Appeals Court Upholds FTC Ruling on Doan’s Pills

November 28, 2005

Doan’s Must Include Corrective Message in Future Advertising and Labeling

FTC News Release
August 21, 2000

The United States Court of Appeals for the District of Columbia has unanimously upheld a Federal Trade Commission decision ordering the maker of Doan’s Pills to run corrective advertising. The Court’s opinion denied Novartis Corporation’s appeal of the 1999 FTC order requiring it to include in future advertisements and labels a message to correct misbeliefs created by deceptive advertising claims for Doan’s Pills. The ads claimed that Doan’s was more effective than other pain relievers for the relief of back pain. In fact, the Commission found that there was no scientific evidence supporting those claims.

FTC Chairman Robert Pitofsky said, “It is important for advertisers to know that it is not enough just to discontinue a deceptive ad, and that they can be held responsible for the lingering misimpressions created by deceptive advertising. Today’s opinion by the Court of Appeals reaffirms the FTC’s longstanding authority to order advertisers to correct those misimpressions in appropriate cases.”

The Commission’s order prohibited Novartis from making future unsubstantiated claims and required Doan’s advertising and packaging to include the following statement:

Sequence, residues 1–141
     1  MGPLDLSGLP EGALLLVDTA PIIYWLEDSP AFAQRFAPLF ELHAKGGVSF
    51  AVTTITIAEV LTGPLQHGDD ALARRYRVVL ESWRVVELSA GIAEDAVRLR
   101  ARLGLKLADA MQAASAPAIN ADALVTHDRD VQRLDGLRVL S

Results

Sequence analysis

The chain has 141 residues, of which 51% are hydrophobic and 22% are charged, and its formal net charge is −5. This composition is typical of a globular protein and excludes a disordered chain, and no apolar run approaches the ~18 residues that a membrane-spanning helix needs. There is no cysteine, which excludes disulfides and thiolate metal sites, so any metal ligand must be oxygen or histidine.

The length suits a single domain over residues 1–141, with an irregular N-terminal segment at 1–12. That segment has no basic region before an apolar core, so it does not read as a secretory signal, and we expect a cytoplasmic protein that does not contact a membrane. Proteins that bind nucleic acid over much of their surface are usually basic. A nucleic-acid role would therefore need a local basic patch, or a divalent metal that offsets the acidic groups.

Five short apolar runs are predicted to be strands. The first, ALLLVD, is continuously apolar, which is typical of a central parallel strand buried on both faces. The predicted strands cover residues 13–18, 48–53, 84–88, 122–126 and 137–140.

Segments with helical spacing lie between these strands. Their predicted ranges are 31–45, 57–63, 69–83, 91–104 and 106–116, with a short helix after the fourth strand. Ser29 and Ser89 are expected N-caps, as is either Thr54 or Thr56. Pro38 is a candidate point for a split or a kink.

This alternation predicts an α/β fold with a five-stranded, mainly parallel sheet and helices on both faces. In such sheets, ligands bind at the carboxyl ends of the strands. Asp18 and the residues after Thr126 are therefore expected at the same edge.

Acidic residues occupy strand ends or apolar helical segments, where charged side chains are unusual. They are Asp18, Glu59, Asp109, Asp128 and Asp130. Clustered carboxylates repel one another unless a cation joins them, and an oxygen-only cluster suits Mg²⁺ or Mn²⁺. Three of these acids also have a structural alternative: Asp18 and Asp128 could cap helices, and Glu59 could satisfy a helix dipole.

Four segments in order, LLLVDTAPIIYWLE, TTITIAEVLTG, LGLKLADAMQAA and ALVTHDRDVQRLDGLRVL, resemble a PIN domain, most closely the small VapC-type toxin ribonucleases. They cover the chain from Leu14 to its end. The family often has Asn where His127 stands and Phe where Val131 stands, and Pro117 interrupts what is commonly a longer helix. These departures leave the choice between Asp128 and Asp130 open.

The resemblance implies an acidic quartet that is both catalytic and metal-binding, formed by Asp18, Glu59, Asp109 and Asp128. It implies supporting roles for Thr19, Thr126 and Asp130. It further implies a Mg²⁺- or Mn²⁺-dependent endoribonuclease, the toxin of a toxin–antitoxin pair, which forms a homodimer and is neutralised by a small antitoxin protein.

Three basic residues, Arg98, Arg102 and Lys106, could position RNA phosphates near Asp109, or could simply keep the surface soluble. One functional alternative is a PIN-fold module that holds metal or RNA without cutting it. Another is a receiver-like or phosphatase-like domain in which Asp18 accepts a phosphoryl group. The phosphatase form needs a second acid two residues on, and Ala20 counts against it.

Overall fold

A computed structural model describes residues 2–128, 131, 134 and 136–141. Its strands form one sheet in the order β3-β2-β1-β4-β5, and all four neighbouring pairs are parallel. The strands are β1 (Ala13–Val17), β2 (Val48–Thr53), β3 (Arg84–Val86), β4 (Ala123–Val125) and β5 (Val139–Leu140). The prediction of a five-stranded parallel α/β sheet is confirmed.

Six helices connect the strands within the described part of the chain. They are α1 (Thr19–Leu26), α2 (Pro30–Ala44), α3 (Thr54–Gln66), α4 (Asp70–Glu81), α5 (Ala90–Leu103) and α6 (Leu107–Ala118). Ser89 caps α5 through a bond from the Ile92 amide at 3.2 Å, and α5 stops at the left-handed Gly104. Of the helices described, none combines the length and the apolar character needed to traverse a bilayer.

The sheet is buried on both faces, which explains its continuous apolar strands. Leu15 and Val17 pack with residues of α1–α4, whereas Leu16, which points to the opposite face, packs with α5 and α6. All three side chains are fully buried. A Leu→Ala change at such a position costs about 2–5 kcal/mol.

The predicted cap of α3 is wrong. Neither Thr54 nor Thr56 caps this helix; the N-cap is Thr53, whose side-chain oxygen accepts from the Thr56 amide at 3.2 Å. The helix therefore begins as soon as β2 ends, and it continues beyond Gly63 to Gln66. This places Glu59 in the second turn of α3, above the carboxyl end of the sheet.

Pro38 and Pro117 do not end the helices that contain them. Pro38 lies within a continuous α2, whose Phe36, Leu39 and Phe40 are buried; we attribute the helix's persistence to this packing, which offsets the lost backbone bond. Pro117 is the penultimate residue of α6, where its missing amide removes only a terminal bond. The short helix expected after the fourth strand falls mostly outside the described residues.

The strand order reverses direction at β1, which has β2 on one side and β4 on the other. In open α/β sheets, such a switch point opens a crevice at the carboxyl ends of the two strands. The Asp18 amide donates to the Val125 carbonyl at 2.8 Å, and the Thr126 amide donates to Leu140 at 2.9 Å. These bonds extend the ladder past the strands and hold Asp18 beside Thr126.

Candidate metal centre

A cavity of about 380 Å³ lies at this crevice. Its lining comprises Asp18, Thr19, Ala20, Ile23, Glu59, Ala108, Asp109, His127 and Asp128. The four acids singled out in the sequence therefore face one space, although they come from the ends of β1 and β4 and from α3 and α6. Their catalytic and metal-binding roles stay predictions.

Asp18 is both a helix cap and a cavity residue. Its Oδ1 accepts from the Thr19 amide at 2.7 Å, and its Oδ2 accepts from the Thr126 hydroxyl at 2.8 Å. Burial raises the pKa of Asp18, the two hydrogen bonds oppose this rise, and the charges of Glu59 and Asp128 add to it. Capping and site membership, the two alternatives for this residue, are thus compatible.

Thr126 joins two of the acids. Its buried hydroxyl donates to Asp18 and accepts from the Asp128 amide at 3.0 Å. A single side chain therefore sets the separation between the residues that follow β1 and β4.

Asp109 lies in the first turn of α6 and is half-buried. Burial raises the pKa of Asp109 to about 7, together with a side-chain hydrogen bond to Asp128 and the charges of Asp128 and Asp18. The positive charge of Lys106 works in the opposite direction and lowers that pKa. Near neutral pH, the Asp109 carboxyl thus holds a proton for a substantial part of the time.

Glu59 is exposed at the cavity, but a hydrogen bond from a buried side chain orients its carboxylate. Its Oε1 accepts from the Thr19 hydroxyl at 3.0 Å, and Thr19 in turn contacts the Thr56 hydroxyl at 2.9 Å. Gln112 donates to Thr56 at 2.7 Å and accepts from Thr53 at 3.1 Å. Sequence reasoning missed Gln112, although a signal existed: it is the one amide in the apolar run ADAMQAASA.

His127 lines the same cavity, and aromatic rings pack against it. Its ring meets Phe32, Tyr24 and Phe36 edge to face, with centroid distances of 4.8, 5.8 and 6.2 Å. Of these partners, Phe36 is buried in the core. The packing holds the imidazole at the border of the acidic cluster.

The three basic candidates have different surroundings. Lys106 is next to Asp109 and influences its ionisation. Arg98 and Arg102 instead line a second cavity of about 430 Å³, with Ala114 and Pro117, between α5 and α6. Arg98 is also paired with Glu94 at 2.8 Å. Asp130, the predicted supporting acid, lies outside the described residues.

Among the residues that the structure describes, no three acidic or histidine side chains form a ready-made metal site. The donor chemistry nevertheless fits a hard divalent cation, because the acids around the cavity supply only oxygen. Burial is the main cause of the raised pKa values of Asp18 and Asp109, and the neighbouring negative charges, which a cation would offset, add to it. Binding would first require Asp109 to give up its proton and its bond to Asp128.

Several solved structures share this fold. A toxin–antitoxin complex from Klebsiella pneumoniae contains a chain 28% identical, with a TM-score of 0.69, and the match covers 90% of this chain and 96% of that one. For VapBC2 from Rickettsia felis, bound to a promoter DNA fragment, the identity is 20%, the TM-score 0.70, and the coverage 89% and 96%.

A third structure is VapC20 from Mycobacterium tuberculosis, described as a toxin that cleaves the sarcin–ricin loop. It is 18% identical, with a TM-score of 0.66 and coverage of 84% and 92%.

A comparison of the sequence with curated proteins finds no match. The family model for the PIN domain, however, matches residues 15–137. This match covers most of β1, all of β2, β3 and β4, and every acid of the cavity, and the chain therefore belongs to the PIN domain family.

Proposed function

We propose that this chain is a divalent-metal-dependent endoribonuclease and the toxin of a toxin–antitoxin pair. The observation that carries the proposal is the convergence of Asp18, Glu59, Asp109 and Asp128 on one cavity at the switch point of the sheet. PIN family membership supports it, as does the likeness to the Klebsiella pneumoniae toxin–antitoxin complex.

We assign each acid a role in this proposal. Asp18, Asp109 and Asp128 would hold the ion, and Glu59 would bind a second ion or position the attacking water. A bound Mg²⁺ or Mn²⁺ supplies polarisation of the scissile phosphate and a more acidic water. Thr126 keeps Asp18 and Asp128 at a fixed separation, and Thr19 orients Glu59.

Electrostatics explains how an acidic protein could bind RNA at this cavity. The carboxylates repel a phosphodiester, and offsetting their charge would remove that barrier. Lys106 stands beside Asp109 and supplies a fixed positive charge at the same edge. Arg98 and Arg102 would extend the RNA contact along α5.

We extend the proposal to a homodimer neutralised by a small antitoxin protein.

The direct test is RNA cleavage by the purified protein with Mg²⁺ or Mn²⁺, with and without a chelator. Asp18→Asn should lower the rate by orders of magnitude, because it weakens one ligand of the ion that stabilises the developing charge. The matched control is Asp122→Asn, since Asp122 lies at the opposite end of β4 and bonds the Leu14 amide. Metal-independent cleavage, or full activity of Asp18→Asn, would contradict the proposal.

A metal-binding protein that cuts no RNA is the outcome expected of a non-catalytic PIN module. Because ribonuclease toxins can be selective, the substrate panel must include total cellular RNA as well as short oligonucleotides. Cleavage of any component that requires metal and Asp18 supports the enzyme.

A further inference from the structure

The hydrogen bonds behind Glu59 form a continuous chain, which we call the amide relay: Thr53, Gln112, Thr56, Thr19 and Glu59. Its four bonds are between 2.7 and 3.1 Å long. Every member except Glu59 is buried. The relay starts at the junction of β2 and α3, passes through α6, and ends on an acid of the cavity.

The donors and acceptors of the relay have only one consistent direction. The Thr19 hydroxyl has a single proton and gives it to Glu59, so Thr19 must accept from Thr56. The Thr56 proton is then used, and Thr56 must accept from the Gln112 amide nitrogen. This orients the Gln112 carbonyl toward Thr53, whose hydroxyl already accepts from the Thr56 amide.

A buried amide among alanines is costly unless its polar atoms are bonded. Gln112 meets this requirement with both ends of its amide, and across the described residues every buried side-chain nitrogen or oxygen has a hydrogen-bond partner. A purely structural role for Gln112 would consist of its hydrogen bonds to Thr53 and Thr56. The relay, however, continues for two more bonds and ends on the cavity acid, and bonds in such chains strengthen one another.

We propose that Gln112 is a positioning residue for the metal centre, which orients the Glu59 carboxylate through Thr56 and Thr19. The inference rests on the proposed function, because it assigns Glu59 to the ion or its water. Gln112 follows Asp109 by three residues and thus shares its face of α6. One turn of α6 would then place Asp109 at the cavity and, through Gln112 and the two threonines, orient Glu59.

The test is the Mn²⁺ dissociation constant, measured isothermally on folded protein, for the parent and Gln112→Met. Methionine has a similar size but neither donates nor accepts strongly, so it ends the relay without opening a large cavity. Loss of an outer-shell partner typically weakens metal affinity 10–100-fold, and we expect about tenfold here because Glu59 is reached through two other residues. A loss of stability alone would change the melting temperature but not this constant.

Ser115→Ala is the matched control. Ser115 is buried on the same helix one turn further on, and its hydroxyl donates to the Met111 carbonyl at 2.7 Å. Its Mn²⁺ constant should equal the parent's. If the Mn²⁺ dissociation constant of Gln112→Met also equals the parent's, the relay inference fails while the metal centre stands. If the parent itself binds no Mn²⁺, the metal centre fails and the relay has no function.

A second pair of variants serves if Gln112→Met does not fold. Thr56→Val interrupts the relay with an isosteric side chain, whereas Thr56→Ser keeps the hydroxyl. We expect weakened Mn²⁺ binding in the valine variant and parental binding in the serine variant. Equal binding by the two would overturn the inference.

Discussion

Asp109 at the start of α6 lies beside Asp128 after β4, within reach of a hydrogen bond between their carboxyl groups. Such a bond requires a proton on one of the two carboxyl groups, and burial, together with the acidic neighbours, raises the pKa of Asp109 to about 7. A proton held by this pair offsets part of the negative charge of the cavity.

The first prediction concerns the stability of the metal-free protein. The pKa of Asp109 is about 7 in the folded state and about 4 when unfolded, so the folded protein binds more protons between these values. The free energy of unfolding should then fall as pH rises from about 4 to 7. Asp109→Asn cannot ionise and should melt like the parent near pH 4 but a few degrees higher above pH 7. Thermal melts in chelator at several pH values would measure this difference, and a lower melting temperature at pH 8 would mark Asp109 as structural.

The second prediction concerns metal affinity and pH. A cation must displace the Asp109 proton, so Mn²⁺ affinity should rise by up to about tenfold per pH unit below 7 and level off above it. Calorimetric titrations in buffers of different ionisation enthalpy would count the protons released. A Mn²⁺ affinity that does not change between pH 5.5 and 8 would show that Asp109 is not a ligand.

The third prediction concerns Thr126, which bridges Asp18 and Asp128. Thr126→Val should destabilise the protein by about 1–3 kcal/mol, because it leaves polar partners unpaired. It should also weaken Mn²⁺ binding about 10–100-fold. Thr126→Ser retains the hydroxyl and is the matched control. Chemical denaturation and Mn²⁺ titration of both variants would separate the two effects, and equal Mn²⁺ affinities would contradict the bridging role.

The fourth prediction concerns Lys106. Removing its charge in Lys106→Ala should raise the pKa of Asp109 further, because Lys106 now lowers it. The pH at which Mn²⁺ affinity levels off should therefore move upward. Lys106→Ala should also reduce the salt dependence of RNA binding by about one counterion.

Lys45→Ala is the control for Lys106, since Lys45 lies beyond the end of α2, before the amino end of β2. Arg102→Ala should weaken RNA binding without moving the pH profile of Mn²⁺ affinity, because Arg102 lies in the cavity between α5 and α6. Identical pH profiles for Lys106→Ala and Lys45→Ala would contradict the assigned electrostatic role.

“Although Doan’s is an effective pain reliever, there is no evidence that Doan’s is more effective than other pain relievers for back pain.”

The Commission ordered that Doan’s advertising and packaging include the corrective statement for one year and until Novartis had spent $8 million on advertising (the average sum spent annually on the deceptive campaign). The requirement is subject to an overall limitation of five years.

Novartis appealed the Commission’s decision to the United States Court of Appeals for the DC Circuit. The unanimous panel rejected the appeal, finding that the Commission had appropriately concluded both that Doan’s 8-year $65-million ad campaign advertising was deceptive and that it had played a substantial role in creating and reinforcing in the public’s mind a false belief about the product’s efficacy.

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This page was posted on November 28, 2005.